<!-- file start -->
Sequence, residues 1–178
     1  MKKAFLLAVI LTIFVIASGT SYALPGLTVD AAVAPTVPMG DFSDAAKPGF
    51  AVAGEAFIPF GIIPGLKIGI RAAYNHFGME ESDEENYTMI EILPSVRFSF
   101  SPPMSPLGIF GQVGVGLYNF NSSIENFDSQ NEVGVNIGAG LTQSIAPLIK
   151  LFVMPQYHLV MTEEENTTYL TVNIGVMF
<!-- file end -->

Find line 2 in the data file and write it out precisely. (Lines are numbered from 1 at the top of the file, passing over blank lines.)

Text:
     1  MKKAFLLAVI LTIFVIASGT SYALPGLTVD AAVAPTVPMG DFSDAAKPGF